FP 3: Let’s share tea.

A few weeks after my first time volunteering with the Nashville International Center for Empowerment (NICE), I was invited to participate in their weekly “Community Day” English class at a nearby high school. I wasn’t sure what to expect, but when I arrived, I was warmly greeted by Karen, one of NICE’s adult education specialists. She was standing by a NICE sign hanging on one of the school’s side doors, and I was impressed by how a public high school had permanently teamed up with NICE to serve as a local community hub even during the after-school hours. 

Karen guided me to the cafeteria, where all the tables and chairs were out and ready for the Community Day. Some other NICE volunteers were set up down the hallway to help families with the school registration process, and it was pretty amazing to see so many different activities going on all in one night. I was told that the high school itself has a really diverse student body, and with all the colorful, bilingual signs and a big mural filled with country flags, I could definitely believe it.

 A mural similar to the one inside the high school. (Photo from Motawi)

As we finished setting up, Karen shared that this week’s event was themed around stress and stress management. In the spirit of trying to make the evening more enjoyable and interactive than a typical English class, we brewed several varieties of tea that are supposed to help relieve stress. I learned that tea ceremonies are common practice in many of the students’ home countries, so we would all share tea together in a mini ceremony at the very end (and practice talking through sequences like making a cup of tea). I really appreciated Karen’s efforts to teach English that would be directly applicable to the students’ everyday lives and conversations, and everyone could certainly relate to this particular topic of stress.

To start off the evening’s program, Karen led our group of around 20 students through a group exercise of “where do you stand?” We started out with more basic, silly questions and laughed at our shared dislike of the cold and how we were all “dog people.” Things got a bit different, though, when we started talking about how many hours we worked per week and how much sleep we got. Many of the students would only sleep for at most four hours before having to go to work the next day, and they had extended work weeks. Their biggest source of stress was, almost unanimously, trying to make ends meet with their job while also learning English as quickly as possible. (About an hour into the event on this particular day, we had a few more people trickle in, arriving straight from work and still wearing their uniforms.)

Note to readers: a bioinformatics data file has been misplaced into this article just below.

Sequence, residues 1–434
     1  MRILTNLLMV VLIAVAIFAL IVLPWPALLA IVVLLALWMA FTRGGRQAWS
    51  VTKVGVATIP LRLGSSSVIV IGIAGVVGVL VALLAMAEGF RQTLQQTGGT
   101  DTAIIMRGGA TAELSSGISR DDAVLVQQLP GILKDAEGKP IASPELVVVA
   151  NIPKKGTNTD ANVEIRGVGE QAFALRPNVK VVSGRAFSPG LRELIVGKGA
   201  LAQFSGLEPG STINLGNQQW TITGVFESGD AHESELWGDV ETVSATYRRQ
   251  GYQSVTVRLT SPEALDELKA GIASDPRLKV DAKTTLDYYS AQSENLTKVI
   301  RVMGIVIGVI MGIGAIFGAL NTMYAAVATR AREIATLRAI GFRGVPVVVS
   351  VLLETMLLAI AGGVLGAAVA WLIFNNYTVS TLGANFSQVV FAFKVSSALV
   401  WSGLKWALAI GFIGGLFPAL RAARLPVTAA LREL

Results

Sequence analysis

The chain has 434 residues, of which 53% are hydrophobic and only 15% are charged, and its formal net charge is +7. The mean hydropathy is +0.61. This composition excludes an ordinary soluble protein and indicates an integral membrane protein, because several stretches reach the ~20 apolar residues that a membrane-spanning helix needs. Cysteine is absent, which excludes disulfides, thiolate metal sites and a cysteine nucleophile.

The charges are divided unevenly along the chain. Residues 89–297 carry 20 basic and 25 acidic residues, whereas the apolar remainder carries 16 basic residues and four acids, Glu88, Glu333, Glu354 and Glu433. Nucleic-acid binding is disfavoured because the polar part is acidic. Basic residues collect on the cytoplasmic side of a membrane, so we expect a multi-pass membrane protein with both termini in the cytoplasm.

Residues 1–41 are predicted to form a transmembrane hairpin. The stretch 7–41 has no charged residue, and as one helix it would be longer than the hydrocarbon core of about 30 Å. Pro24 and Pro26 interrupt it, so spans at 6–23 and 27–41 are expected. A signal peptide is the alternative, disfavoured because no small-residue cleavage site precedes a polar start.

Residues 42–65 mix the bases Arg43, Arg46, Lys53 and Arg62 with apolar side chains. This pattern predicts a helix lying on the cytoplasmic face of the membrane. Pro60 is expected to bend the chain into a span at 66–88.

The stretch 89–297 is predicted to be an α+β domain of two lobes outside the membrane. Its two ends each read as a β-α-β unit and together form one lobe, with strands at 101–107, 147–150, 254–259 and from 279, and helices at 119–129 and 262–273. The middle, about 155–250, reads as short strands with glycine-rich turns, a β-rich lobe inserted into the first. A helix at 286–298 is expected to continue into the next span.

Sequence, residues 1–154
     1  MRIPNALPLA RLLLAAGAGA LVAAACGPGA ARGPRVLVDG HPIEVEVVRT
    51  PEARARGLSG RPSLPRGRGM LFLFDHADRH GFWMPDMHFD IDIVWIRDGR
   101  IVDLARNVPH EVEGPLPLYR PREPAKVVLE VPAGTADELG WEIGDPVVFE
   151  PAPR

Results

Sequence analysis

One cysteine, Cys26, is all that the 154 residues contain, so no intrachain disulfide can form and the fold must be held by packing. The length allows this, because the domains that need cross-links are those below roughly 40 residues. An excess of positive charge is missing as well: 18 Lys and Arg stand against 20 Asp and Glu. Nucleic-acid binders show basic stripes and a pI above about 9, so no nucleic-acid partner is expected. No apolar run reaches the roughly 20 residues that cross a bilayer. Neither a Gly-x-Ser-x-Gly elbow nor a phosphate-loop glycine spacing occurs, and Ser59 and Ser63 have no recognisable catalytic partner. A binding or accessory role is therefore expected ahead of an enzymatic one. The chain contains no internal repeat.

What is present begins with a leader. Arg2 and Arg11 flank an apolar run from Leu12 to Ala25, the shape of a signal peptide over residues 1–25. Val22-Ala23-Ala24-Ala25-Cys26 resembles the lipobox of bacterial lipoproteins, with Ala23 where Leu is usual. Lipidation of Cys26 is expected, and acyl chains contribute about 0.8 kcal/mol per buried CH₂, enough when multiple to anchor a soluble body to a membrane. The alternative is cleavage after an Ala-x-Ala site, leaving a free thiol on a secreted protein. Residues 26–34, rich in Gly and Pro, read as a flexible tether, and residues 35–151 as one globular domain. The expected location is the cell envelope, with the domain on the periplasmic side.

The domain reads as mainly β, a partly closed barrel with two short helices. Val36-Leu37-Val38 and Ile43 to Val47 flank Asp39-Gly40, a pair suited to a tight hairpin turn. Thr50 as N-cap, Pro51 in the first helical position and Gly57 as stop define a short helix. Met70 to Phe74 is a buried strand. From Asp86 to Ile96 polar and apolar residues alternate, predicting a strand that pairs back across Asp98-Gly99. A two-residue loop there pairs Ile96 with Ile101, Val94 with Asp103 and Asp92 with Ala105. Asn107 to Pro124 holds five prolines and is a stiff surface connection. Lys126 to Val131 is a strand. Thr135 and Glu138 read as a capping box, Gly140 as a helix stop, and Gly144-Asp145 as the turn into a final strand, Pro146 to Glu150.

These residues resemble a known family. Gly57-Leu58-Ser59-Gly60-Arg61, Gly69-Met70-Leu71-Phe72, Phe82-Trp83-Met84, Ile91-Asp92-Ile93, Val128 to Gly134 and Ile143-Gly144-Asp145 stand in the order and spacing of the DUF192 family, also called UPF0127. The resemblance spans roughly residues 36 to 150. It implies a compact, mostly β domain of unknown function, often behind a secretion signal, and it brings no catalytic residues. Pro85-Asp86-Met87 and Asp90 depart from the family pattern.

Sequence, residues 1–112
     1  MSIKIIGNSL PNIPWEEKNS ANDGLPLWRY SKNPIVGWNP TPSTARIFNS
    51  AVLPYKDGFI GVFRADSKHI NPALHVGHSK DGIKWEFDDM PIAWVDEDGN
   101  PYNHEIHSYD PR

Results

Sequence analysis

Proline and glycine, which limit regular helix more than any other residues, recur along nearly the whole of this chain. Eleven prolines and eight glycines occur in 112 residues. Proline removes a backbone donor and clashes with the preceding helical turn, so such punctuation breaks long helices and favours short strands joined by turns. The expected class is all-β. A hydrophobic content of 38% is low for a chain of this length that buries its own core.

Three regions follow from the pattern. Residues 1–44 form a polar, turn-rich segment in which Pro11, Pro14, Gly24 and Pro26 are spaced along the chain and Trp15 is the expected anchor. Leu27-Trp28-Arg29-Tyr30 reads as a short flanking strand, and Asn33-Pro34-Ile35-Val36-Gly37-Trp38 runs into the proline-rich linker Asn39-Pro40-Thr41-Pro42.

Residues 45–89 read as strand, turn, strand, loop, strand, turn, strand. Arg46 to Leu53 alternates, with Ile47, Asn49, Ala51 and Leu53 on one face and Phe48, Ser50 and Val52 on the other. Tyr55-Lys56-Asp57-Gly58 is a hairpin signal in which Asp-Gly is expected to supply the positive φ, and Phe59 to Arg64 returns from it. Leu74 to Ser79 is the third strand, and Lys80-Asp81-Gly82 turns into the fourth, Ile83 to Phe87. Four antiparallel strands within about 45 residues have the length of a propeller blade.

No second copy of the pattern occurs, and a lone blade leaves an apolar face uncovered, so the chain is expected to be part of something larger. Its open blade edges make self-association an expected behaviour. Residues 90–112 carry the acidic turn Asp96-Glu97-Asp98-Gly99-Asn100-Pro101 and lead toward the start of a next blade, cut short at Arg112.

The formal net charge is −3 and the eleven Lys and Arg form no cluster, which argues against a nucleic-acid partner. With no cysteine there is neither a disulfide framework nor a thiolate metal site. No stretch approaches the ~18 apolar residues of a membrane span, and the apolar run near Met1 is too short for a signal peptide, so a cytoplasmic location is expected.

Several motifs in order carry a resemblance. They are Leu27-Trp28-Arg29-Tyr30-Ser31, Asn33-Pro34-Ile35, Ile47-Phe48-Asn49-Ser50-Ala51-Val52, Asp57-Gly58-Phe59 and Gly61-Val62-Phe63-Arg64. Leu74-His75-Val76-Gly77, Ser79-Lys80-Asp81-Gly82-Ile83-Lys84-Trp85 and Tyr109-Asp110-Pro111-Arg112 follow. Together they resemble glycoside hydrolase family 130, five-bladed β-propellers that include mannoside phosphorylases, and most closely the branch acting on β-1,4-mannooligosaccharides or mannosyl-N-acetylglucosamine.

A small snippet of an activity from Karen’s digital lesson plan.

Karen then asked everyone what they did for “self-care,” and there was a shared look of confusion among most of the students. Nobody really knew what “self-care” meant, and when we explained that it’s essentially taking time for yourself to relax and do things you enjoy, most of them laughed and said that they didn’t have time for that, only time to keep working. While everyone seemed light-hearted about this and how English classes with NICE were their “break for the day,” it was a reminder to a student like me, who oftentimes complains about my workload, that there are other people facing much greater challenges. Our evening together really illustrated to me (in ways that just reading about refugee and immigrant experiences can’t) how much grit these people have leaving behind their family and friends in order to try and make a better life for them all.